Pop Culture Avengers-Age-of-Ultron

Published on April 28th, 2015 | by Stephanie Panecasio

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The End of an Era – Avengers: Age of Whedon

As a long-time Marvel obsessive, I feel I need to preface this review of director Joss Whedon’s latest blockbuster Avengers: Age of Ultron, by admitting that my viewing began with a serious case of fangirling. Yes, I even overspent at the snack counter on the special combo just to get the novelty Avengers cup. I’m one of those people, and I’m not ashamed to say it.

Having said that, my obsession has dealt me an unfair set of cards in reviewing the film; although my love for the cinematic universe runs deep, it also means I’ve found equal amounts of fault. Don’t get me wrong, the film is a must-see – but decide for yourself if it falls victim to the curse of the sequel.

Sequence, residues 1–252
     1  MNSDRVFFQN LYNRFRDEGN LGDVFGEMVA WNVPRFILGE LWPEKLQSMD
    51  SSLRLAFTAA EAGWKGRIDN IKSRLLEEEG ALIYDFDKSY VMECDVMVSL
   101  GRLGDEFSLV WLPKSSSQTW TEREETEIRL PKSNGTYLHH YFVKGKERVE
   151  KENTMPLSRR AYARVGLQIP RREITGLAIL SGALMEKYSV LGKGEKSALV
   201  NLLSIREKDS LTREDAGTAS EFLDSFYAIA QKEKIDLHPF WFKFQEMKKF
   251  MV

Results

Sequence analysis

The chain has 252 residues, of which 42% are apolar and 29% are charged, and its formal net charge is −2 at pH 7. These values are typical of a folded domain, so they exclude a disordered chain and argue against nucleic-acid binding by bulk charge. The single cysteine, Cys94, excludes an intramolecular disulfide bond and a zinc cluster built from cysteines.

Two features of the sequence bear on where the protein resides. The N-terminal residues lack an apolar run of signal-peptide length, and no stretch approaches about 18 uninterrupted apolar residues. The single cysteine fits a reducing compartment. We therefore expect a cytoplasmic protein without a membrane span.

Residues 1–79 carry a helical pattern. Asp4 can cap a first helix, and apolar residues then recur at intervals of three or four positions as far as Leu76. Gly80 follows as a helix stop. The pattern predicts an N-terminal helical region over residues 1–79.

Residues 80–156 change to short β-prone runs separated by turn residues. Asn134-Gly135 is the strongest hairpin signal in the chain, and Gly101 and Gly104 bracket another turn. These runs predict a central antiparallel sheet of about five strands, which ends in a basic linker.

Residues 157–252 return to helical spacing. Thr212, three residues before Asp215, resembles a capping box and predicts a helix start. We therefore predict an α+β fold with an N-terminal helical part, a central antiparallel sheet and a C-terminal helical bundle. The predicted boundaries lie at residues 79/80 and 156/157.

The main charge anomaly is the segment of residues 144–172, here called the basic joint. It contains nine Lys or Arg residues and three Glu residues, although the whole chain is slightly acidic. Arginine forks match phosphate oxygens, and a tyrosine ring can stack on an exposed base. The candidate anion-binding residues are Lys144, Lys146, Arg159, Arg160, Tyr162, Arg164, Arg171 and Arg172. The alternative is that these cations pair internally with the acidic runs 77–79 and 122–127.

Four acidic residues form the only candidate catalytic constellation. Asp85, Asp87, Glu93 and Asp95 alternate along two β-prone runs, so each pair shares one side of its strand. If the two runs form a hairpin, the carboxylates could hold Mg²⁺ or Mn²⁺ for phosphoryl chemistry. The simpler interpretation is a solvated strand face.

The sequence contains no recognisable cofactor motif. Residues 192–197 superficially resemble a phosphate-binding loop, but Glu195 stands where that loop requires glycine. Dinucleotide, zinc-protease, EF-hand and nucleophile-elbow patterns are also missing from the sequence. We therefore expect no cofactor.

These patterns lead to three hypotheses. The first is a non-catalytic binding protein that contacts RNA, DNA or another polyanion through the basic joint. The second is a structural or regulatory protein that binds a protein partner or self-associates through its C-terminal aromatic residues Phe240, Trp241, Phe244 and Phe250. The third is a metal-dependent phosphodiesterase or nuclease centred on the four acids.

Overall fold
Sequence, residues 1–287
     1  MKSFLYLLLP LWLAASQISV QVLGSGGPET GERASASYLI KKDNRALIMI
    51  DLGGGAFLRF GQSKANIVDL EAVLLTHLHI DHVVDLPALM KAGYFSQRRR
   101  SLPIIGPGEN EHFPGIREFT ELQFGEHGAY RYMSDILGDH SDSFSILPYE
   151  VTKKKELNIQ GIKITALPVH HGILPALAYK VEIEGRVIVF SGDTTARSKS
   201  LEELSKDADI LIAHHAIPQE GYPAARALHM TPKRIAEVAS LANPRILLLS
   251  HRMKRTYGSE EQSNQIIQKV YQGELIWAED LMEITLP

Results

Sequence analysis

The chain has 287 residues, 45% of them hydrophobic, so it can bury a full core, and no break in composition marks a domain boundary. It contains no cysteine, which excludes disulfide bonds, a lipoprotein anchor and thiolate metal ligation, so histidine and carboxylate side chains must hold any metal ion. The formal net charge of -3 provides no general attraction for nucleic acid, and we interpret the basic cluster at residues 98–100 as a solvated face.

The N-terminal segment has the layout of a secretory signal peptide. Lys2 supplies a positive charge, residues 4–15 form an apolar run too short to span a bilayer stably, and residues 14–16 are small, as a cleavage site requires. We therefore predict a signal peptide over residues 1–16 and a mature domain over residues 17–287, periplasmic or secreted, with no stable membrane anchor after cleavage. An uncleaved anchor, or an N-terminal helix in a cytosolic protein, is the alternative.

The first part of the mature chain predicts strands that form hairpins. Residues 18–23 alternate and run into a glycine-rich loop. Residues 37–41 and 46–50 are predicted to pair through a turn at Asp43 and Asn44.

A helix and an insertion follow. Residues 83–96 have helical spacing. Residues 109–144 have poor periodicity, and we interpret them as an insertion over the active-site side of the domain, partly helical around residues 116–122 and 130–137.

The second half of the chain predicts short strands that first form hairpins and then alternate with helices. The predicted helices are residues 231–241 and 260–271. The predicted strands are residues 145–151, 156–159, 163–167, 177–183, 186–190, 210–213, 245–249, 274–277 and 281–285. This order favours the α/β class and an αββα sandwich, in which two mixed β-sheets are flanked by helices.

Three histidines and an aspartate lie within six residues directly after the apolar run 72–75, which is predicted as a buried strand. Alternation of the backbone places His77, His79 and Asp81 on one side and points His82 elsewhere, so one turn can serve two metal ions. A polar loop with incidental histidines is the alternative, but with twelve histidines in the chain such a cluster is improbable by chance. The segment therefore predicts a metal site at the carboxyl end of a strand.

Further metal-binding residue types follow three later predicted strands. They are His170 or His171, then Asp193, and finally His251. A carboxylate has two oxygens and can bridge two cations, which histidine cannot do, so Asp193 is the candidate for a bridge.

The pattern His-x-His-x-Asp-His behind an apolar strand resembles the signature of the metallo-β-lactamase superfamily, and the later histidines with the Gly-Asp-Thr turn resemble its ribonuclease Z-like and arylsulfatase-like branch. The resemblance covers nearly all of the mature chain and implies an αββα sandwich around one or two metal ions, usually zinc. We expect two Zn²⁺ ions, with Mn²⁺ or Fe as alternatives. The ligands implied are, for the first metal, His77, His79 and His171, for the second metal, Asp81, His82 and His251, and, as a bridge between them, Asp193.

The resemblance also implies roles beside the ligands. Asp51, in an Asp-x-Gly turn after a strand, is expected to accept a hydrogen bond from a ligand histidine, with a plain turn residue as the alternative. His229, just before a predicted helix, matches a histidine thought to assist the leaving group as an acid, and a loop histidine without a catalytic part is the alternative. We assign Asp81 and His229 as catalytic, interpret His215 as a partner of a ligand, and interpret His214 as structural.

My aim with this review is to be as spoiler-free as possible, but just in case any do escape my net: if you haven’t seen the film yet, be warned!

To summarise the plot: Tony Stark (Robert Downey Jnr) becomes obsessed with what is essentially an Avengers retirement plan, and secretly teams up with Bruce Banner (Mark Ruffalo) to create an Artificial Intelligence called Ultron, voiced by the always sassy James Spader. A bit of a Frankenstein dilemma definitely ensues because this ‘creator vs. created’ battle is one for the record books, naturally involving the potential annihilation of the entire human race. The rest of the team find out about Stark’s experiment in the most violent of ways, and it’s up to them to band together and save the day – cue applause.